In 1844, Georgia Baptists asked the Home Mission Society to appoint a slaveholder to be a missionary in Georgia. After much discussion, the appointment was declined. A few months later, the Alabama Baptist Convention asked the Foreign Mission Society if they would appoint a slaveholder as a missionary. When the society said no, Virginia Baptists called for Baptists of the South to meet at Augusta, Georgia, in early May, 1845, for the purpose of consulting “on the best means of promoting the Foreign Mission cause, and other interests of the Baptist denomination in the South.”
Thus, on May 8, 1845, about 293 Baptist leaders of the South gathered at the First Baptist Church, Augusta, Georgia, representing over 365,000 Baptists. They concluded, with expressions of regret from their own leaders and from distinguished northern Baptist leaders, that more could be accomplished in Christian work by the organization in the South of a separate Baptist body for missionary work. The Methodists in the South had already separated over the issue of slavery, and southern Presbyterians would do so later.
Southern Baptist leaders noted that Paul and Barnabas had disagreed over the use of John Mark in mission service, and “two lines of service were opened for the benefit of the churches.” These leaders hoped that “with no sharpness of contention, with no bitterness of spirit, . . . we may part asunder and open two lines of service to the heathen and the destitute.”
On May 10, 1845, the Southern Baptist Convention was provisionally organized under a new constitution, which was ratified the following year in Richmond, Virginia. In their address to the public, Convention president William B. Johnson and other Southern Baptist leaders pointed out that Baptists North and South were still brethren; that separation involved only the home and foreign mission societies and did not include the third national society for tract publication; and that this new organization would permit them to have a body that would be willing to appoint Southerners to home and foreign mission fields.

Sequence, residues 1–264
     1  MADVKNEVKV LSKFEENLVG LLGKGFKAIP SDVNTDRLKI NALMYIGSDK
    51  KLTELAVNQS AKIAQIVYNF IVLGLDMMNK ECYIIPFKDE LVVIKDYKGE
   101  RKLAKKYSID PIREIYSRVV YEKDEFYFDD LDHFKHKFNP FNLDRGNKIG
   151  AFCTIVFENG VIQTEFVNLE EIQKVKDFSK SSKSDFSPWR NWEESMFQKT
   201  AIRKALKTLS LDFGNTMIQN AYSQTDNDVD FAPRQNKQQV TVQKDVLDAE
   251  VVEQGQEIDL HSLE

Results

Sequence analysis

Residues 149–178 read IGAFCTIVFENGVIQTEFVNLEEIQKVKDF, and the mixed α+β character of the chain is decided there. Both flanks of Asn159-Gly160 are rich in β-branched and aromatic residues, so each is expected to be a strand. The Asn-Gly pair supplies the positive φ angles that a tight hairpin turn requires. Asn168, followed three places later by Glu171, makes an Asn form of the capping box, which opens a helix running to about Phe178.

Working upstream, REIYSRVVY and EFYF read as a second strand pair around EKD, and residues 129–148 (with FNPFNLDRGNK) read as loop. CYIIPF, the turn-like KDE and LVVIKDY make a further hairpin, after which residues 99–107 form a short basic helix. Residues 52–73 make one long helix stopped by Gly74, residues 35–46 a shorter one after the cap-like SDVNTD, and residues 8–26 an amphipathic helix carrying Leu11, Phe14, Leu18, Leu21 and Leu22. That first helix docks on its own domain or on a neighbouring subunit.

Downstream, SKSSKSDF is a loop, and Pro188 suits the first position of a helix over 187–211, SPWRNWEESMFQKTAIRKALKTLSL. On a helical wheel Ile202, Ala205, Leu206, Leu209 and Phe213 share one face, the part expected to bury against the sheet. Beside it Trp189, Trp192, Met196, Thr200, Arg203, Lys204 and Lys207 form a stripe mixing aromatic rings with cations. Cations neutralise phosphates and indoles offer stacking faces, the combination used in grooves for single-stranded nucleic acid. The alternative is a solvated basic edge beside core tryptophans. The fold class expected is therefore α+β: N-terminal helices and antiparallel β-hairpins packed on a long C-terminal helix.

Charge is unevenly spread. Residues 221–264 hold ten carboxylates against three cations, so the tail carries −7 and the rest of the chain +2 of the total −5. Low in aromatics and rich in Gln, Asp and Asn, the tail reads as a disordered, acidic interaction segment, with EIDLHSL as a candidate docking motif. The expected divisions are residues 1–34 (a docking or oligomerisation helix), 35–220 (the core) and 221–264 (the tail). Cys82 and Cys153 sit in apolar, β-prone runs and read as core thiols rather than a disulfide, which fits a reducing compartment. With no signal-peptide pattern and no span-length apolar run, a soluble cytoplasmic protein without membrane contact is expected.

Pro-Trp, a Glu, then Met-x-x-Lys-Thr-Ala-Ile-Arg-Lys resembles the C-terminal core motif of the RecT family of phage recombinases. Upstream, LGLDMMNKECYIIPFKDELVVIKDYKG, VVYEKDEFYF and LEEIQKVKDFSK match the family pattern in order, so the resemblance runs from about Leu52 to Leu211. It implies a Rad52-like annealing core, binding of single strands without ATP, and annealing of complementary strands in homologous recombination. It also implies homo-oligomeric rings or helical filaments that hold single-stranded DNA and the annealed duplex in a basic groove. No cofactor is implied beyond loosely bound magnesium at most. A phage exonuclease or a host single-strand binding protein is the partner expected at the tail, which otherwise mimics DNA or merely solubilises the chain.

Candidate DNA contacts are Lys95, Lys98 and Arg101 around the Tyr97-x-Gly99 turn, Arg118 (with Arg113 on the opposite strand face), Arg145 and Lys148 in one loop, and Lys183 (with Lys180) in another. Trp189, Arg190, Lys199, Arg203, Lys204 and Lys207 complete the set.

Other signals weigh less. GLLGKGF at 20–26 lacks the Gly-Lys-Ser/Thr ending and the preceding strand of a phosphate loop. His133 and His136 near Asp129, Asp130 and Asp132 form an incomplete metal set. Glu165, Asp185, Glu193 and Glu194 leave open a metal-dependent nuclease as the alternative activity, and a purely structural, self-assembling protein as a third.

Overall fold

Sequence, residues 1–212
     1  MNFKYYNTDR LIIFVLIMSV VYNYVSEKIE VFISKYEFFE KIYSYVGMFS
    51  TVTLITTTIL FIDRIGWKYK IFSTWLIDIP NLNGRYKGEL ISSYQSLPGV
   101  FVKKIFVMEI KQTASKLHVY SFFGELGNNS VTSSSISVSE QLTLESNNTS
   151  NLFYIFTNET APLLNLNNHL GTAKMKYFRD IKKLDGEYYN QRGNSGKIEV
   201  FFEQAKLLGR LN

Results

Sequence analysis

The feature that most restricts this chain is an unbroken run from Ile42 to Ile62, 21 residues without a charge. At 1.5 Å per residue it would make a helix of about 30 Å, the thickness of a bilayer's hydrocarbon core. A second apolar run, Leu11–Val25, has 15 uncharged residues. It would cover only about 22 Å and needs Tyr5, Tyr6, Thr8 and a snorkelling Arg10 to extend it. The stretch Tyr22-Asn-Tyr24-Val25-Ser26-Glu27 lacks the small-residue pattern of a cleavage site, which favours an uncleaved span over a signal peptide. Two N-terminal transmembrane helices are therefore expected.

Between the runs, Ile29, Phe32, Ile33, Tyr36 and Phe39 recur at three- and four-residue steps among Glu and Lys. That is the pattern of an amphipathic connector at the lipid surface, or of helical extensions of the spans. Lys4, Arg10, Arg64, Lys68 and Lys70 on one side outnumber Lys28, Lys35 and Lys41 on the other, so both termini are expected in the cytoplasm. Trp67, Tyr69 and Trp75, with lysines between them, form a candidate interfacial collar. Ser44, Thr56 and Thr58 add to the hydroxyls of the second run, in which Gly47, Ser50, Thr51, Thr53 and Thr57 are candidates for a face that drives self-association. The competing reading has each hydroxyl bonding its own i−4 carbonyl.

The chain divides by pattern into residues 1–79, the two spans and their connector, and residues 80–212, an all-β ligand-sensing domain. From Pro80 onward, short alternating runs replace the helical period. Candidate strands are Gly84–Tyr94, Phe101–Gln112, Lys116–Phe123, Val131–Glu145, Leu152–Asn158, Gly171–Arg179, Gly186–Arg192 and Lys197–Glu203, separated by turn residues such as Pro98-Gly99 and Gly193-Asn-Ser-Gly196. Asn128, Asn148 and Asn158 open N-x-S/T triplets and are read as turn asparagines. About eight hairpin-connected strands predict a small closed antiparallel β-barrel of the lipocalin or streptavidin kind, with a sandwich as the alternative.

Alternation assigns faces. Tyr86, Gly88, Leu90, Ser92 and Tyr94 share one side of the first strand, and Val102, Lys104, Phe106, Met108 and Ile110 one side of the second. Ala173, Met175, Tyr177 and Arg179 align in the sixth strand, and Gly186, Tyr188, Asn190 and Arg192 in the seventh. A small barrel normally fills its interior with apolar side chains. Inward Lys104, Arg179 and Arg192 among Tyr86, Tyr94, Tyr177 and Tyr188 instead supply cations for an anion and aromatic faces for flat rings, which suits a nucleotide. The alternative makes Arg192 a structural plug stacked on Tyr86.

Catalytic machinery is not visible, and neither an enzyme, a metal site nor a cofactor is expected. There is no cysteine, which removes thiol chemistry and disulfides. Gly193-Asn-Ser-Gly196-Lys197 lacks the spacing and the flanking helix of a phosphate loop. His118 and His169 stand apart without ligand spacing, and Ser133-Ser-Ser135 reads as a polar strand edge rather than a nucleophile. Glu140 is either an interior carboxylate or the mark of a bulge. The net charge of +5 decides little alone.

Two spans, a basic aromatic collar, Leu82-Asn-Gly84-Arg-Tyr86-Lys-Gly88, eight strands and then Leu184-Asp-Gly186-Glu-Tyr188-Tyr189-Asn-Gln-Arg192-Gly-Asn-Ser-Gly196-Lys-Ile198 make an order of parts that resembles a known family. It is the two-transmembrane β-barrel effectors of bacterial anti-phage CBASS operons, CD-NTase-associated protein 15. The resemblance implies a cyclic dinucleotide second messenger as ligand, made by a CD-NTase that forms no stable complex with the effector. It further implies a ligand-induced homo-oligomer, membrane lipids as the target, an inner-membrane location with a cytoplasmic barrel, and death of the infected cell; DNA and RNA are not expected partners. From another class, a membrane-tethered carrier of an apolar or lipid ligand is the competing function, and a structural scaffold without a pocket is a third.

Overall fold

At the 1845 meeting, Southern Baptists were faced not only with the question of whether to organize a separate body but also with the problem of what kind. Baptists, like other denominations which give final authority to the local churches, have had difficulty in trying to form an effective general body without threatening the local authority. This was the reason that the association-type plan had been viewed with suspicion by some churches, resulting in the adoption of the society plan for missionary and other Christian work.
In safeguarding the authority of the churches, however, the society plan made it difficult to secure unity and effectiveness in denominational work. Southern Baptists, at their meeting in 1845, deliberately rejected the method of having a separate society for each kind of Christian service. They chose instead to follow the more centralized pattern of the older associational plan to form only one general convention closely related to the churches for all Christian ministries. They felt that they could provide safeguards in Convention operation that would protect the authority of the local churches. Rather than form independent societies for Christian ministries, Southern Baptists elected a board of managers to supervise foreign missions and another to supervise home missions, both under the authority of the Convention. Other boards for additional Christian ministries would be formed later by the Convention.
After 1845, Northern Baptists moved even farther toward the society type of organization until 1907-08, after which they began experimenting with a modified associational type of convention. Southern Baptists continued to move toward an associational-type body until 1931 when, by constitutional action, practically all of the remaining society-type characteristics were eliminated from their convention.
Expansion and Growth (1845-91)
The Civil War, Reconstruction, continued sectional rivalry, depressions and inflation, the withdrawal of blacks from the white churches, internal doctrinal conflicts, perplexing organizational questions, and–despite these things–remarkable growth and expansion in Christian ministries made up the story of Southern Baptists until 1891.
Civil war totally disrupted all of the programs of the Convention, while Reconstruction (until 1877) delayed the return to normalcy. Although the slavery-abolition issue had disappeared, sharp sectional differences in other forms continued to mar the fellowship and cooperation of all Baptists in America. The question of reunion was raised by Northern Baptists after the civil conflict had ended, but Southern Baptists declined to return to the society-type denominational bodies they had left in 1845. Despite this, the Home Mission Society of the North carried on a fruitful program of missions, education, and church, assistance among both blacks and whites in the South during this period. This active work in the South by the northern society provided a formidable rival for the Southern Baptist Convention. Not until the 1880s was the Southern Baptist Home Mission Board able to claim the southern field as its base.